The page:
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Chaos and the Art of Fly Casting

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Ronan's report


Thursday 17th July, 2008

Those of us who remember learning how to fly cast or have had the privilege of teaching others will recognize a certain progression that occurs as beginners advance from “never cast a fly in my life” to getting loops to form. Starting with the basics of moving the rod tip in a straight line and making sure there is no slack in the line the caster needs to learn how much force to apply to the line via the rod tip and the timing that needs to occur in order for sexy loops to form.

By applying force to the line via the rod tip we place the line under tension so that it begins to act like a rigid rod that is supported by the rod tip at one end rather than limp line. By moving the rod tip forward and slightly upward to compensate for gravity the line seems to be suspended in mid air. With controlled timing the line will oscillate in the air as it unrolls in one direction, straightens, reverses direction and then begins to unroll in the opposite direction.

This is one area where chaos and fly casting intersect. If we change various aspects of our cast (amount of line carried, force applied, cycle time, duration of pauses, etc.) it will either converge on the familiar sexyloop oscillation or fall apart. Beginning casters may find it difficult to stay in this zone. Advanced casters may find it difficult to fall out of it.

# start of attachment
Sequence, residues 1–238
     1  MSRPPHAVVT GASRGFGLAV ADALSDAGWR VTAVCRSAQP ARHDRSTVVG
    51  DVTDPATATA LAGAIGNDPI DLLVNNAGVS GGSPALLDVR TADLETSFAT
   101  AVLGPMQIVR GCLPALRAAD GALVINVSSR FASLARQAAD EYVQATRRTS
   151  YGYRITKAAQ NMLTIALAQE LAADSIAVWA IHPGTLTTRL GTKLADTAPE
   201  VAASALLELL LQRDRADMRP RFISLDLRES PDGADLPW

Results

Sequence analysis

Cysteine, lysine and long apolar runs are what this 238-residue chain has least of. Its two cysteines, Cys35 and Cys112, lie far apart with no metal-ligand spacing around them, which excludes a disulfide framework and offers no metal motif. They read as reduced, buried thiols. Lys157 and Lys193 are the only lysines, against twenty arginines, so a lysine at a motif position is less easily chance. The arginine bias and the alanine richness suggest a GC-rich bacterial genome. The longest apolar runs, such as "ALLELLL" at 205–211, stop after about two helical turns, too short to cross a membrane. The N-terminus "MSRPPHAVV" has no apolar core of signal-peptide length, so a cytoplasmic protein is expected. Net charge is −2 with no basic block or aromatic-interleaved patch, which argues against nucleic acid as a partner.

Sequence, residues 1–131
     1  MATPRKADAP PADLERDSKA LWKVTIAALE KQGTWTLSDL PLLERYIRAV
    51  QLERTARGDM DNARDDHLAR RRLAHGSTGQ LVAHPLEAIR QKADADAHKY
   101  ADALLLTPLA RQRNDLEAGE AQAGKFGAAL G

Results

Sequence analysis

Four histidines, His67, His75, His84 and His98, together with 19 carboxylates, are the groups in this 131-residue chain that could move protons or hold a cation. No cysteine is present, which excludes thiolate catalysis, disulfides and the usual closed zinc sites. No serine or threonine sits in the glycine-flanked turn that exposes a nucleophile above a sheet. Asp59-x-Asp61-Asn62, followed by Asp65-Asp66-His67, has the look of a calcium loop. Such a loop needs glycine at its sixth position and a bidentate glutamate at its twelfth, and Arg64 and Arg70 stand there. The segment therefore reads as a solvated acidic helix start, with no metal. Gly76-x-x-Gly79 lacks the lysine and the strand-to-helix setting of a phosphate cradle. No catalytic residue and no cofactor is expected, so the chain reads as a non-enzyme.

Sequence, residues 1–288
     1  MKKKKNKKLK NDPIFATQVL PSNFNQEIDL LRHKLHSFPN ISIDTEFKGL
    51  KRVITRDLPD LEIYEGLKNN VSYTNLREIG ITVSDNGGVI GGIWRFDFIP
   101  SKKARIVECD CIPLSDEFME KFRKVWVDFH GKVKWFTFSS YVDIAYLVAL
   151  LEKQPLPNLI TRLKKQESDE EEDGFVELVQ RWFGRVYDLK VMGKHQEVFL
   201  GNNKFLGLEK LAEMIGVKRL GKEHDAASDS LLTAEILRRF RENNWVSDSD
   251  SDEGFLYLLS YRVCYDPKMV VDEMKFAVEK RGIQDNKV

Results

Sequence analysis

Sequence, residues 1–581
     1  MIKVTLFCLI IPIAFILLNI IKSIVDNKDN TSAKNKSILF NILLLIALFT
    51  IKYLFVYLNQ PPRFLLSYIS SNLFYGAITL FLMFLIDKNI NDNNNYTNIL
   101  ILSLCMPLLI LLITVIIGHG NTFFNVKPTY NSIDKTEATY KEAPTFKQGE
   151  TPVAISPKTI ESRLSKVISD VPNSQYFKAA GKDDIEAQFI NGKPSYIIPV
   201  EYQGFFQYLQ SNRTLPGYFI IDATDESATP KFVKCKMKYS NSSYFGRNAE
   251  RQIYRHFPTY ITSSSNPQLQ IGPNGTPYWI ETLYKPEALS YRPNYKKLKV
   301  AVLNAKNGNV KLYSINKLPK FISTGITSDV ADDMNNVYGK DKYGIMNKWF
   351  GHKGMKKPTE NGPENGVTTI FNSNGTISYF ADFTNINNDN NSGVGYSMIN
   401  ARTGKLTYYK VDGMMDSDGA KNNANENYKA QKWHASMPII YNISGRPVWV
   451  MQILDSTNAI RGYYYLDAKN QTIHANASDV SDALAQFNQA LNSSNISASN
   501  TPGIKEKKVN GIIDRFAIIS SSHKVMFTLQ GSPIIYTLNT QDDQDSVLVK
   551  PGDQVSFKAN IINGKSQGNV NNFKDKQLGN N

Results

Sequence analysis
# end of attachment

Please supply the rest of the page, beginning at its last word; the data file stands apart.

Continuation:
Another aspect of chaos theory tells us that systems may have more than one stable state. Classical physics that focuses on systems that have a single point of stability. Prior to chaos theory such systems were often considered to be non-deterministic in nature and were “left as an exercise for the student”.

At this point you may be asking, “How can there be more than one stable state possible when fly casting?” The answer is that by varying the duration of our casting cycle we can actually have more than a single loop form in the line. This may seem pointless but there are applications of this in the real world. Jason Borger in the “Nature of Fly Casting” talks about the hump mend which uses this phenomenon to dance the line over the water for repositioning. We can also use this multiple loop phenomenon when lifting sinking line out of the water.

Perhaps the most dramatic use is in the development of the snap cast and its various applications. By making a simple cast and then recasting the line before the fly reaches it target we can cause dramatic changes in where the fly lands or how the line lays out at the end of the cast. Want to make a curve cast at distance? Try the corkscrew curve described in Jason Borger's book. What a change of direction or to reposition the line in preparation for a spey cast? Various forms of snaps may be applied.

These are relatively simple applications of this principle with a fairly short history. It will be interesting to see what the future holds.

Cheers,
Walter


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